The one last thing to do is load some code onto the Trinket to use the INA219, wire it up to a load and measure some current!

The INA219 breakout guide has all the info you'll need to use your newly assembled circuit. Note that since the breakout you created does the wiring to the microcontroller for you, you can skip the steps on how to wire the microcontroller and go straight to the section on wiring the INA219 breakout into the load circuit. Once the wiring is done, you can follow the INA219 guide's Circuit Python code example to put the board to use.

Don't Be Afraid of Making Mistakes

While writing this article, I made a boo boo. I thought I was being smart and ordered the board before I was done with the guide so that it would arrive just in time to take pictures. As it turns out, since I was in a hurry, despite checking it several times, I missed the fact that I had the header for the INA219 breakout backwards because I didn't use the outlines of the original boards to check the layout of the headers.

Despite this frustration I was still able to make the board work by using a stacking header to elevate the breakout above the Trinket. 

manufacturing_i_made_an_oopsie.jpg
With experience, even you too can make mistakes (and fix them)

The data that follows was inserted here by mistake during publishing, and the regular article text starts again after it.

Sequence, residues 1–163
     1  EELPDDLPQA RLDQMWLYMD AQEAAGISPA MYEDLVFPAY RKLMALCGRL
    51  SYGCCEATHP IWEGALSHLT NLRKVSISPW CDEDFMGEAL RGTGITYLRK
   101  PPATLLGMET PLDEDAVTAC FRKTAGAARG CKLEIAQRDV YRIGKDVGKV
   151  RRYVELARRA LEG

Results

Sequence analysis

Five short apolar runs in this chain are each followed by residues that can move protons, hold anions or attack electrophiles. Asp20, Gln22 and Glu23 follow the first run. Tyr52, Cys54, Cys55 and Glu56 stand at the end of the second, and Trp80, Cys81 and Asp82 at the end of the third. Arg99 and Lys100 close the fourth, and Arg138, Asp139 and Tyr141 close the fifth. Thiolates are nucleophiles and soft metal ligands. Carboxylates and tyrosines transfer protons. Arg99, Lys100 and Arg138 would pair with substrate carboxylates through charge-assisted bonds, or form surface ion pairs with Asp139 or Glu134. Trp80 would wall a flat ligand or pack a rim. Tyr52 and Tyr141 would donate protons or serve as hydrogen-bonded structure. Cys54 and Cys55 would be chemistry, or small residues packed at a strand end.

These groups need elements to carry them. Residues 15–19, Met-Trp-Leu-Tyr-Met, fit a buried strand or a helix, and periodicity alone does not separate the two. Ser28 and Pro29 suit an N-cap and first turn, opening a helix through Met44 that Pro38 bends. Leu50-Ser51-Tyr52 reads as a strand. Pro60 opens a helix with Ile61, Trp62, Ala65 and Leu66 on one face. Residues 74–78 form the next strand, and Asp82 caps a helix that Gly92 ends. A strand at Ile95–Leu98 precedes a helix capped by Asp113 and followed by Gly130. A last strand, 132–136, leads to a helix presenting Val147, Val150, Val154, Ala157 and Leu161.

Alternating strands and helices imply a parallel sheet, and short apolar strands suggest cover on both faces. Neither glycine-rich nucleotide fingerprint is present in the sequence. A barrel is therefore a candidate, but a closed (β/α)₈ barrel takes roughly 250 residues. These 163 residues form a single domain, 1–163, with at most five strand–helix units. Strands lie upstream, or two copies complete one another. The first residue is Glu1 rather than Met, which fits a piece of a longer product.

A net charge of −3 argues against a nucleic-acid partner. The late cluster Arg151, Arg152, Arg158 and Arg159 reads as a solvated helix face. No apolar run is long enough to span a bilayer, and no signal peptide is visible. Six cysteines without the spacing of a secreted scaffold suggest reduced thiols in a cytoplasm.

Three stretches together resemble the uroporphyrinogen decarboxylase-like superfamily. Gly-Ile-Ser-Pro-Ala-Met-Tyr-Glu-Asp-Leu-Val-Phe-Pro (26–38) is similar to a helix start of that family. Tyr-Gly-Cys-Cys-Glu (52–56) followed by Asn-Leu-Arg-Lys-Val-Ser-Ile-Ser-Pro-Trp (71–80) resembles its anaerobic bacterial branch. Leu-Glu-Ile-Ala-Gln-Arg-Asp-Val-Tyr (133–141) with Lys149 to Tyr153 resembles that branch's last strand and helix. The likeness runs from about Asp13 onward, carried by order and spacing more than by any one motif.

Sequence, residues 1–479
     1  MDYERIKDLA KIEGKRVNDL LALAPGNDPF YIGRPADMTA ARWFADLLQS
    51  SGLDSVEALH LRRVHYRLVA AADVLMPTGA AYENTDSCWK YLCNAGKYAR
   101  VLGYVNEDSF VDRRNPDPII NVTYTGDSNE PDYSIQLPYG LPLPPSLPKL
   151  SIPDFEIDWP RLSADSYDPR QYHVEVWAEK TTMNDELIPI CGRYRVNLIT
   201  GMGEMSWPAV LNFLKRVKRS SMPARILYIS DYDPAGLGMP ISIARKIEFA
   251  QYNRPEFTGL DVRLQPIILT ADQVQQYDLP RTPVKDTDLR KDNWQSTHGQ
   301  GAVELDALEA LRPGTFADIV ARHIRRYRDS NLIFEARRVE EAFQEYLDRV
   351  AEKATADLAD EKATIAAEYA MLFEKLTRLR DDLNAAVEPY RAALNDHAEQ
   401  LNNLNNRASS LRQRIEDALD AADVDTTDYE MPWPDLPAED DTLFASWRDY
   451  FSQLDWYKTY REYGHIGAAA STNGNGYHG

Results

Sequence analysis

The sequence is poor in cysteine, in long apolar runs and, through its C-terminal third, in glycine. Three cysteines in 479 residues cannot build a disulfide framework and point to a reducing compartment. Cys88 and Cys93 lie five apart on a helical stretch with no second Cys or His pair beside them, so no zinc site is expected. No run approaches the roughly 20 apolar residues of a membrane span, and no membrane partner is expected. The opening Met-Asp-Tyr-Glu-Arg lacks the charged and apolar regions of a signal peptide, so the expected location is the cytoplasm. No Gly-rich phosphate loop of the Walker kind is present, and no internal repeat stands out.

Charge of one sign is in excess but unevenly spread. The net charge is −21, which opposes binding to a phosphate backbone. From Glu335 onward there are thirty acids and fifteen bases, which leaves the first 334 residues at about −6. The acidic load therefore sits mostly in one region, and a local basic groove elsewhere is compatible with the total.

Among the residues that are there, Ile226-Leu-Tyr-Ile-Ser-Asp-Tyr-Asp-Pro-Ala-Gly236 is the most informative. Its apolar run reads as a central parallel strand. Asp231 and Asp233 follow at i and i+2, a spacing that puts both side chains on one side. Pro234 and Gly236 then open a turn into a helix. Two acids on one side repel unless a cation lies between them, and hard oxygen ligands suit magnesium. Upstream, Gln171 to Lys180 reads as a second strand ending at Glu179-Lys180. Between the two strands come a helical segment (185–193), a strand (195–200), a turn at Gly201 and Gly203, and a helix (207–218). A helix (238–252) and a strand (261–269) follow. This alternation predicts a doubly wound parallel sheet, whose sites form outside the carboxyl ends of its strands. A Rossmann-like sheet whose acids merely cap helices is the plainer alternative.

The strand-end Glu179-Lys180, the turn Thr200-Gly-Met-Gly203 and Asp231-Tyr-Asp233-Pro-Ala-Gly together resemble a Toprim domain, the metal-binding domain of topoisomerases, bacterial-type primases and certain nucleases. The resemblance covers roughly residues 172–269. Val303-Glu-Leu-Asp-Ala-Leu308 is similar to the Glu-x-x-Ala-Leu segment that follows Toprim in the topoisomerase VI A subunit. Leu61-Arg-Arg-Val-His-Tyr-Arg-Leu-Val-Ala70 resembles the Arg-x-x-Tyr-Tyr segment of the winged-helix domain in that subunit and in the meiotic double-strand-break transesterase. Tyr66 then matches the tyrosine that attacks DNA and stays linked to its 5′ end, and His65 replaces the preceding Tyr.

The point of mentioning this is to remind you that even someone who has been doing this for a while can and will make mistakes. The important takeaway is that, when you make something, you learn how it works in the process and when you break it, you're equipped to fix it. Don't let a fear of making mistakes keep you from doing something because everyone will make mistakes. Making mistakes doesn't matter; learning from them does.

Where to go from here

Congratulations, you've made a circuit board! As I previously mentioned, the project for this guide is just the tip of the iceberg. You can use these same techniques to do anything from breakout adapters like we just did, to custom feather wings or bonnets based on breakouts, or whatever your heart desires! We're just getting started. If you have an existing project based around Adafruit or other open source hardware, try converting it into a PCB.

The next guide in this series will take what we've learned here and turn it up a notch. Stay tuned.

This guide was first published on Feb 05, 2019. It was last updated on Feb 05, 2019.
This page (Usage and Final Thoughts) was last updated on Oct 19, 2020.